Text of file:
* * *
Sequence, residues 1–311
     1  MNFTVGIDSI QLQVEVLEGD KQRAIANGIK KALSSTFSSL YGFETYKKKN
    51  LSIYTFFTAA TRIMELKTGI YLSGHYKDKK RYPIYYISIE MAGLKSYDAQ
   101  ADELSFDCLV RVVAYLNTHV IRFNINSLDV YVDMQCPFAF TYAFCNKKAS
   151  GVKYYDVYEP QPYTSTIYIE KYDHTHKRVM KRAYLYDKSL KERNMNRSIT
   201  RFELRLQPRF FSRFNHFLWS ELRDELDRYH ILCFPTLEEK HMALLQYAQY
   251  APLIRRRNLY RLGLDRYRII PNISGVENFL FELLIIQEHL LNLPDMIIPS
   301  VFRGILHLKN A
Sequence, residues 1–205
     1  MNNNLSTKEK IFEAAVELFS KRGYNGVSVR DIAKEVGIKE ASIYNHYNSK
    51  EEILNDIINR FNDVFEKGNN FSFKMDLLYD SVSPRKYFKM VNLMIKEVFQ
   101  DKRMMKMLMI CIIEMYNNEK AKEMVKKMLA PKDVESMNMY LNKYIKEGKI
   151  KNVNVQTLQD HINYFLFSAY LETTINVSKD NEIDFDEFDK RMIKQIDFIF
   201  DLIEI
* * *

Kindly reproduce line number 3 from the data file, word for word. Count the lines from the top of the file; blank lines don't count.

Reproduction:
    51  LSIYTFFTAA TRIMELKTGI YLSGHYKDKK RYPIYYISIE MAGLKSYDAQ